As expected, the Swiss National Bank (SNB) is sticking to its expansionary monetary policy and maintaining its negative interest rate of -0.75%. Although the SNB revised its growth and inflation forecast slightly upward, the continued strength of the franc is keeping the central bank virtually on the ground and a turnaround in interest rates is not yet in sight. The SNB expects a further recovery of the Swiss economy and slightly higher inflation in 2022 of +0.6% (previously +0.4%).

Norway's central bank with further interest rate hike

The Norwegian central bank raised its key interest rate for the second time since the start of the corona crisis by 25 basis points to +0.5%. The move had been expected in the markets. Norges Bank also held out the prospect of further rate hikes.

Turkish central bank cuts key interest rate again

Although Turkey has an inflation rate of around 21%, the central bank again eased its key interest rate by another 100 basis points to 14.0%. At the same time, however, the Turkish central bank held out the prospect of an end to key rate cuts for the time being.

Economic Indicators December 17

MEZ Country Indicator Last period
08:00 GE Producer Prices (November, y/y) +18.4%
09:00 AUT Consumer Prices (November, y/y) +4.1%
10:00 GE Ifo Business Climate (December) +95.5
11:00 EZ Consumer Prices (November, m/m) +0.8%
11:00 EZ Consumer Prices (November, y/y) +4.9%
11:00 EZ Core Consumer Prices (November, y/y) +2.6%
11:30 RUS Bank of Russia monetary policy announcement +7.5%


Earnings Calender December 20

Country Company Period
US Nike Q2
US Micron Technology Q1


LGT helps you make informed investment decisions

All about global economic and market trends at a glance

Subscribe to LGT's research newsletters

You can also follow us on Facebook or LinkedIn – or visit MAG/NET and discover interesting background articles. If you have questions, a consultant from the bank will be happy to help you.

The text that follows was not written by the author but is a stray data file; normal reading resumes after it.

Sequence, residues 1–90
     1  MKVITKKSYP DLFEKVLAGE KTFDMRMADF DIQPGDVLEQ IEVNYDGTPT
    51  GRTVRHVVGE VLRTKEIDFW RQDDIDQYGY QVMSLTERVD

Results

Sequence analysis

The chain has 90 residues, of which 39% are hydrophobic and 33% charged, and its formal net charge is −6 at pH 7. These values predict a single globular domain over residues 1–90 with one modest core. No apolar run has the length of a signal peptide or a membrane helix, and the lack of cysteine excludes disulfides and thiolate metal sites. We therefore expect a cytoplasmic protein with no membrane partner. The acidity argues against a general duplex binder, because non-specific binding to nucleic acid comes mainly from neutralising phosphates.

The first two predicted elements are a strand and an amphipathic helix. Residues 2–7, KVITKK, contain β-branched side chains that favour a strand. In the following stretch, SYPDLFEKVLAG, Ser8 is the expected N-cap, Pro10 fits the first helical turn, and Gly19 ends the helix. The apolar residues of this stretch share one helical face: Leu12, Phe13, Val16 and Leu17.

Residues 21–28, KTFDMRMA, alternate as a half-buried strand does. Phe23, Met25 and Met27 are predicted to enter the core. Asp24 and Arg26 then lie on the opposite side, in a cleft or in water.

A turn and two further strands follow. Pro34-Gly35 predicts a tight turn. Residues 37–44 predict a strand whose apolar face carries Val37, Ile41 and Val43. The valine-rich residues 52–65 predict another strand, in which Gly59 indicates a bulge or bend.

Publisher: LGT Bank (Switzerland) Ltd., Glärnischstrasse 36, CH-8027 Zurich
Editor: Alessandro Fezzi, +41 44 250 78 59, E-Mail:
Source: LGT Bank (Switzerland) Ltd.

Risk Disclosure (Disclaimer)
This publication is an advertising material / marketing communication. This publication is for your information only and is not intended as an offer, solicitation of an offer, or public advertisement to buy or sell any investment or other specific product. Its content has been prepared by our staff and is based on sources of information we consider to be reliable. However, we cannot provide any confirmation or guarantee as to its being correct, complete and up to date. The circumstances and principles to which the information contained in this publication relates may change at any time. Information that has been published should therefore not be understood as implying that no change has taken place since its publication or that it is still up to date. The information in this publication does not constitute an aid for decision-making in relation to financial, legal, tax-related or other consulting matters, nor should any investment decisions or other decisions be made on the basis of this information alone. It is recommended that advice be obtained from a qualified expert. Investors should be aware that the value of investments can fall as well as rise. Positive performance in the past is therefore no guarantee of positive performance in the future. Investments in foreign currencies are also subject to fluctuations in exchange rates. We disclaim all liability for any loss or damage of any kind, whether direct, indirect or consequential, which may be incurred through the use of this publication. This publication is not intended for persons subject to legislation that prohibits its distribution or makes its distribution contingent upon an approval. Any person coming into possession of this publication shall therefore be obliged to find out about any restrictions that may apply and to comply with them. In line with internal guidelines, persons responsible for compiling this report are free to buy hold and sell the securities referred to in this report.